He feels despondent about the country's future and wonders if it is on the right track.
But before the Business Roundtable gets ready to poke its finger at the Labour government, my mate is tired of this country's low wages (even for skilled people) and he also experienced much of neo-feudalistic management practices encouraged by the former Employment Contract Act. Furthermore, his new job pays double what he earned and offers a bigger company car, so you can hardly blame him for going.
However, immigration is a two-way street. A Pommy flatmate dearly hopes his girlfriend also falls in love with New Zealand when she visits in the new year. He is a skilled auto-electrician, his girlfriend a health specialist - skills this country dearly needs - so let’s hope for fine weather here in February.
Certainly those Brits could do with some sunshine. But if you can paddle your way through their streets, find some petrol, or an operational bus or train, there is much work to be had in the UK, and at amazing wages.
Some weeks back, I asked for people looking to work overseas to send in their details and I would pass them on to overseas job agencies to assess what they are worth. It appears that for applicants with the right skills, the world is their oyster.
Just days after our appeal for overseas “What am I Worths”, I received an email from Marianna Romanoff in New York. She works for a recruitment firm in New York and offered me $US1000 for each successful Kiwi job applicant I could find her. Some $US500 would be paid when the applicant started work, the remainder after three months, once they settle in. Feel free to contact her at firstname.lastname@example.org, but don't forget to say I sent you. I could do with the money.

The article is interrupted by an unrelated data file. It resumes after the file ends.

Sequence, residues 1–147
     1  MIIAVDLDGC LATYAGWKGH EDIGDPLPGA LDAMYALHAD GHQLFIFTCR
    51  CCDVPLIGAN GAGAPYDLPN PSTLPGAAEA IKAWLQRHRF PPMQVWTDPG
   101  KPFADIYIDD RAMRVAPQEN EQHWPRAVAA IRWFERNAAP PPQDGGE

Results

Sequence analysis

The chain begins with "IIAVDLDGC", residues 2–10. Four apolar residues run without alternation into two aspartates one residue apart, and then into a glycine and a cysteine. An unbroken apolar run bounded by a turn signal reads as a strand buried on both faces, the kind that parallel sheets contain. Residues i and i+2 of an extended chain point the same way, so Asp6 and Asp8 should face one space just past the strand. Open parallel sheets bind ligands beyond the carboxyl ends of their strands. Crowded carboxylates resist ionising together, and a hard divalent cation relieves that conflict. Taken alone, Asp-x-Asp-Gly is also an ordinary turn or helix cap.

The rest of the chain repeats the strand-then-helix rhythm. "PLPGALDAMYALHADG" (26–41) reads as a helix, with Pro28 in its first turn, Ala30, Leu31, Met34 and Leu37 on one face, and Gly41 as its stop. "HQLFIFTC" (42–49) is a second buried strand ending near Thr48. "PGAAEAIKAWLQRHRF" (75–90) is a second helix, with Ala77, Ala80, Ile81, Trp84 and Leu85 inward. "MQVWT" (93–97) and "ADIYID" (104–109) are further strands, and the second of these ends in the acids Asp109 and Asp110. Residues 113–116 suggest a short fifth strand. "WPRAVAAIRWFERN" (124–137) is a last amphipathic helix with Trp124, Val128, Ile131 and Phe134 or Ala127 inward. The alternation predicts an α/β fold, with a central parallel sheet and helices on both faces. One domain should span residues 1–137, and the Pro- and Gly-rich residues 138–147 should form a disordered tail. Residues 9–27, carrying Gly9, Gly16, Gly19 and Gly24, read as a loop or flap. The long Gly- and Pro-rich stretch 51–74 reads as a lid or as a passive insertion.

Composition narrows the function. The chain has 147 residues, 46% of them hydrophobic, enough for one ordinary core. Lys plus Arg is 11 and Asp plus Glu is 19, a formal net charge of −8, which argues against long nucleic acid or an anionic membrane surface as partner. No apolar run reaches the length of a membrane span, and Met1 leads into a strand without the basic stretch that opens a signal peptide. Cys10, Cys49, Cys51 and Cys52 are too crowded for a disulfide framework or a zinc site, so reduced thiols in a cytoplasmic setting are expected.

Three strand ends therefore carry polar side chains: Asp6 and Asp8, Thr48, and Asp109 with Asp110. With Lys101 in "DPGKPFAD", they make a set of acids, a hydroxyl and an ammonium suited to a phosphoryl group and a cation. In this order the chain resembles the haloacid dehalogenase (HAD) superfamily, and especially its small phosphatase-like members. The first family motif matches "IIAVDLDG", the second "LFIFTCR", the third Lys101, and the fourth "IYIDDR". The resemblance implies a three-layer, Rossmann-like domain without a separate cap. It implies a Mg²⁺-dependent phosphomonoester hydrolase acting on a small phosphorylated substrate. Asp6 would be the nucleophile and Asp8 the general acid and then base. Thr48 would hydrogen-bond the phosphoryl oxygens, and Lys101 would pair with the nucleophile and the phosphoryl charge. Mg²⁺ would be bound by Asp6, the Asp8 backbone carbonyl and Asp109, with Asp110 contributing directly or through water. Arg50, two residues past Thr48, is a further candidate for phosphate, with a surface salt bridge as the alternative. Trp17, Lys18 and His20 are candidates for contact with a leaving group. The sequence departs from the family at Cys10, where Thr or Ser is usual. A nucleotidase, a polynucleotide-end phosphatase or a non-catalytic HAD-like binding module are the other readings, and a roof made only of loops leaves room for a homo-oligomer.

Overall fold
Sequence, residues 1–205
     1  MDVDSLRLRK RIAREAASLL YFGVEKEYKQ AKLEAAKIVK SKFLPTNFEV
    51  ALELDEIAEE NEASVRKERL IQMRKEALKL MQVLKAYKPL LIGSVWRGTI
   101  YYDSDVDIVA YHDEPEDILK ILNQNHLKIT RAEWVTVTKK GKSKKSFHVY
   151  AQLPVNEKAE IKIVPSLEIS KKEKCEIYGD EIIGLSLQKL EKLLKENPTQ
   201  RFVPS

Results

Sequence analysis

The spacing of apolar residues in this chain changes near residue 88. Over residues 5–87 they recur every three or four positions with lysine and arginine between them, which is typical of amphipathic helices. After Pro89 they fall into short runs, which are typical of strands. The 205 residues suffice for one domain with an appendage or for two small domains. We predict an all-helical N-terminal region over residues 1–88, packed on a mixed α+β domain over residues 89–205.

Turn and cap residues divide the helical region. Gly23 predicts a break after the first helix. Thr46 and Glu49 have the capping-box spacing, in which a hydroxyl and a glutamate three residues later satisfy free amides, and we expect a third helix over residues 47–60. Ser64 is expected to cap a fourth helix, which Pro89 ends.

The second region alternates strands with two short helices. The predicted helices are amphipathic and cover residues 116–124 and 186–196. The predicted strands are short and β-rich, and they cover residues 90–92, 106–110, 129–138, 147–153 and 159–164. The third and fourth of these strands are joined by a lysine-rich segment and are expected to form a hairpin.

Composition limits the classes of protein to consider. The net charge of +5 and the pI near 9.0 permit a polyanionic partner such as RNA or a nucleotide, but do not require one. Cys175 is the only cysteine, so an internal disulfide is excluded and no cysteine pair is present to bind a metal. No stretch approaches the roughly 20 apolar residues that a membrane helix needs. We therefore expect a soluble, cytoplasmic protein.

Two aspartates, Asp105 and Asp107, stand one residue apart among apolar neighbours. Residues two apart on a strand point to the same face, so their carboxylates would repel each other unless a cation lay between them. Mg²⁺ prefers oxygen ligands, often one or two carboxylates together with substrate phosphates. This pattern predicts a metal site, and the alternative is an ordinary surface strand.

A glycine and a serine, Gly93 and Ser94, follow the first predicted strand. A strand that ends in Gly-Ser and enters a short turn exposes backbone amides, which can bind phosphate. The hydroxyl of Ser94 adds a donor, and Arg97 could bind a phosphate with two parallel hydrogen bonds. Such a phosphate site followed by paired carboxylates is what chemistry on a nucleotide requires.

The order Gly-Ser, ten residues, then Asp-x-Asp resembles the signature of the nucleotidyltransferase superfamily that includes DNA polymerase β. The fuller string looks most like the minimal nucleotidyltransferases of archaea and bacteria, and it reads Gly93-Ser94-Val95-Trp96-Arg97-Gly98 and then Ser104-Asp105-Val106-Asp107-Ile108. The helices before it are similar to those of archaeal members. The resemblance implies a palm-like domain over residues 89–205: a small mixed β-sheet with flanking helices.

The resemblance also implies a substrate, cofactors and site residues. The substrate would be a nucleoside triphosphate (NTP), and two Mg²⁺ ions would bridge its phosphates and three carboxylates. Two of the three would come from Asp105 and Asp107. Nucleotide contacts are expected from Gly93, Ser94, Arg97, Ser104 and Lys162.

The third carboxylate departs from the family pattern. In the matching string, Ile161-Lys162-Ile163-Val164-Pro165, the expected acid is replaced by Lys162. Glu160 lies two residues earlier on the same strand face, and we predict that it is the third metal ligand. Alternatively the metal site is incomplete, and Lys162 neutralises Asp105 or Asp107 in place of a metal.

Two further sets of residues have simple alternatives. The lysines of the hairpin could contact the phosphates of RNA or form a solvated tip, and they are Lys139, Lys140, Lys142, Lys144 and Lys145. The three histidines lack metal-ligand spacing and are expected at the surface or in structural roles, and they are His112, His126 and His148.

A trawl around the internet reveals similar stories worldwide - countries are crying out for skilled workers. New Zealand needs them but they are heading off to higher paid Australia and the UK. Canada needs them, but they are heading off to higher paid America. Europe and America need them, and are easing work rules to let them in. And poor old India finds it is struggling to keep the IT workers it needs to develop its economy.
Our government has just staged its business summits - one for its business chums, the other for the e-commerce crowd. At last, Labour apparently realises it must work with business rather than against it. R&D tax breaks could be just what industry needs to create the much-vaunted knowledge economy. It would also stop business carping so much and talking the country into decline. Business should accept that Labour had a mandate to scrap the Employment Contracts Act, though I think renationalising ACC was just purely ideological. IT minister Paul Swain's heart seems in the right place and, who knows, we may even discover Helen Clark has one.
Education and immigration have become major economic issues. We have to consider if a "user pays" higher education system is still appropriate when the country has to ensure it has the right skilled workers to survive. Of course, there's nothing worse than the taxpayer educating somebody just for them to leave, but the current loans system seems to be fuelling the exodus, or at least giving the kids justification to their parents for fleeing the country. The issue of student loans, grants, graduate income taxes, etc should certainly be revisited.
One newspaper last weekend lamented skill shortages in the forestry industry, which now uses much information technology. Tree production is about to explode and thousands of technically skilled workers are needed to harvest them, enough even to wipe out unemployment in parts of the depressed north and east of the North Island.
However, training, education and employment has been so stop-start in recent years, we don't have enough skilled workers to do the work. They are having to come in from Fiji and elsewhere, while thousands of locals languish on the dole. A crazy state of affairs. Decent training schemes are surely less costly than paying dole and dealing with unemployment's associated social problems.
Whatever happens, New Zealand seems to be at a major crossroads. Not only is it a question of whether we can regain our relative prosperity, but whether we can remain an economically independent country.